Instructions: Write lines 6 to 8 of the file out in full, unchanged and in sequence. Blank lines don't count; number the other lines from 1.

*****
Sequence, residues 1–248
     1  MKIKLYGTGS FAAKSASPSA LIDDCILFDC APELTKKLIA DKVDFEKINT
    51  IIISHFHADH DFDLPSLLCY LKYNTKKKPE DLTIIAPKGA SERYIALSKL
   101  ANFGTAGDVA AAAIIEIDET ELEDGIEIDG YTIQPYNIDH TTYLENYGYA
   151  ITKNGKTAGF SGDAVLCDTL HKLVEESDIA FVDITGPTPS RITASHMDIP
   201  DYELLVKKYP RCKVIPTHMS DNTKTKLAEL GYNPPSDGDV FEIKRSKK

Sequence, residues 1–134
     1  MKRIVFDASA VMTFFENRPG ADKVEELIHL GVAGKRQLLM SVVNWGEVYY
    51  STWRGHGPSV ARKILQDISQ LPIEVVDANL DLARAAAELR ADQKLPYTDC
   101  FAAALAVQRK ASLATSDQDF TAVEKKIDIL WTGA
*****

   201  DYELLVKKYP RCKVIPTHMS DNTKTKLAEL GYNPPSDGDV FEIKRSKK

Sequence, residues 1–134
     1  MKRIVFDASA VMTFFENRPG ADKVEELIHL GVAGKRQLLM SVVNWGEVYY